Thank you, too, Girlie. I also appreciate your comments.
As for diet, I can relate to the ups-and-downs. Some days are better than others. Above, Lymie24 shared some good advice:
If you slip up, which you probably will, don't feel ashamed or down on yourself. Get back on the saddle. You will most likely fail again. It's okay.
That's the approach I currently try to take, but I spent many years mentally flogging myself for making "bad" choices. Doing so, as you alluded, can send us into a negative tailspin.
1. Eat something "bad"
2. Feel guilt or anger about
3. Decide we ruined our plan
4. Question whether having a plan makes sense, if we can't stick to it
5. Eat more "bad" food
6. Go back to #2
With a program like that, there's no escaping negative feelings and a bad outcome. The program has design flaws. It needs updated syntax and additional lines of code.
(My apologies to any software developers for the crude analogy.)
If you haven't already, maybe you could ask your husband for (more?) support. For example, asking him not to bring certain things into the house. Or, if he does, to do so without your knowledge and store them in a place you wouldn't normally access. That might not work for all items, but something is likely better than nothing.
Another member has posted about
using a kitchen safe. When I first read that comment, I thought: "Well a safe wouldn't help me
, because I'd have the key/combination!" But, in Googling it -- as you may already know -- it's a time lock. That's a clever solution...but, maybe not perfect for me, as (1) I have access to a hammer, saw, and drill, and (2) I live near several stores and I could just go get more. Sometimes, I have "issues."
Previously, I'd just not buy certain items. Obviously, if they're in the house, they're going to get eaten. I mean, that's the whole reason I bought them, right? Some people can eat a few bites of ice cream or have a couple of
cookies and be fine for days or weeks. I am not
one of those people.
So, like I noted, I'd just not buy certain items. But, eventually, whether it was the next trip to the store or ten visits later, eventually those Boulder Canyon Avocado Oil Canyon Cut Kettle Potato Chips, Sea Salt
would end up in my cart. If I ignored their call during one visit, they would yell a little louder each subsequent visit. Eventually, I could hear them from the parking lot. And, then, from home.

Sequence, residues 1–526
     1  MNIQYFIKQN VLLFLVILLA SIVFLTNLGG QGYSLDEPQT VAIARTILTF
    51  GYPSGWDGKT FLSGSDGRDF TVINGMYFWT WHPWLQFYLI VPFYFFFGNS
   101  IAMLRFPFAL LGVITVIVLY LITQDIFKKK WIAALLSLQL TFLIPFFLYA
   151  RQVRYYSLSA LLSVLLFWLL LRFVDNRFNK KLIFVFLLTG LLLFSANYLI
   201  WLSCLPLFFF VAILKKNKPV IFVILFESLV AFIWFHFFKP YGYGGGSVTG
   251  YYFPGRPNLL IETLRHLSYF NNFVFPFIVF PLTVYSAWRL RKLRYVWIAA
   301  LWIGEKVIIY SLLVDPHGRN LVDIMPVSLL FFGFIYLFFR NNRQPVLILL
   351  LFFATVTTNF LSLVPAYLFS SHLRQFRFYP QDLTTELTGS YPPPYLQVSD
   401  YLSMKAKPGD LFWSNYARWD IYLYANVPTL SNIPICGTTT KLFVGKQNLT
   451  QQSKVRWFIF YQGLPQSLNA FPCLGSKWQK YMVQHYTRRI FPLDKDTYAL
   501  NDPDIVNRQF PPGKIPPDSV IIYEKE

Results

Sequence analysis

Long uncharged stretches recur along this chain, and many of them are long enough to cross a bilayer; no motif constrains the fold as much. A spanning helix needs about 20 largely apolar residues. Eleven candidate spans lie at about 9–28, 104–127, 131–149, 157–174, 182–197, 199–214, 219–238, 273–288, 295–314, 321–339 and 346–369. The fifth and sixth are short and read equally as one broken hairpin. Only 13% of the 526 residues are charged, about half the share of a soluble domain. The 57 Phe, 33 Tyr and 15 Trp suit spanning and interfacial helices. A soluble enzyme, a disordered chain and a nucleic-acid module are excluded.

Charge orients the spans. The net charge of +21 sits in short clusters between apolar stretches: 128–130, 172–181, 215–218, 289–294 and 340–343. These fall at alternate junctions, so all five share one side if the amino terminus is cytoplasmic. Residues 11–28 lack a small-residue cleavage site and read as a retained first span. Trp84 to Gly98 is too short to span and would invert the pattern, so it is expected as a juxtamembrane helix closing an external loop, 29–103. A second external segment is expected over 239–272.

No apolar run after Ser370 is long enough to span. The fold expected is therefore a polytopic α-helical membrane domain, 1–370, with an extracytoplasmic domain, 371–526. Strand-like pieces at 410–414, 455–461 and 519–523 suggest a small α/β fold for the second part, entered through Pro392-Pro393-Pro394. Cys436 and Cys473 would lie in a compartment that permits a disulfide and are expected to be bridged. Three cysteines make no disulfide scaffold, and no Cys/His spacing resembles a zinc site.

Therefore, I decided to switch my strategy a bit. While in the store, rather than avoiding the potato chip aisle, I'd purposely pass through it. If I had any
desire for either of the three varieties of chips that I would eat, I'd buy them. Even if my desire was weak. After doing this a few times in a row, I would get burned out on them for a while. During subsequent visits to the store, even if going down the potato chip aisle, I'd feel no desire.
Now, this is a strategy I employed. I'm not saying it's right, a good idea, or would work for anyone else. I'm certainly not recommending it. A single bag of those chips packs 825 calories. My weight has fluctuated up-and-down, during such dietary follies. That's an entirely different set of issues.
Finally, getting back to your contemplation about
"What's the point of eating healthy, if I'm going to 'ruin' it later, anyway?" I know it was a rhetorical question, but I'd still like to comment on it.
If you search the phrase "How much food does a person eat in a lifetime?" you'll read some amazing stuff. But, keeping things simple, let's assume a person eats three meals per day and lives to 75 years old.
* 3 meals per day x 365 days per year x 75 years
* This comes to 82,125 meals.
So, let's say we eat "bad" for one of those meals...every day...for the entire 75 years.
Doing the math, that means 27,375 meals are "bad." However, that also means 54,750 meals are "good."
That's still a lot of opportunities to put good stuff into your body.
Now, of course, this entire situation is hypothetical, makes a lot of assumptions, and leaves a lot out of the equation. That's fine. The point isn't to get mired into such details. Rather, it's to look at the larger picture and realize that, over time, even seemingly small decisions do matter and can make a huge impact.
Post Edited (The Dude Abides) : 5/1/2021 1:46:07 PM (GMT-6)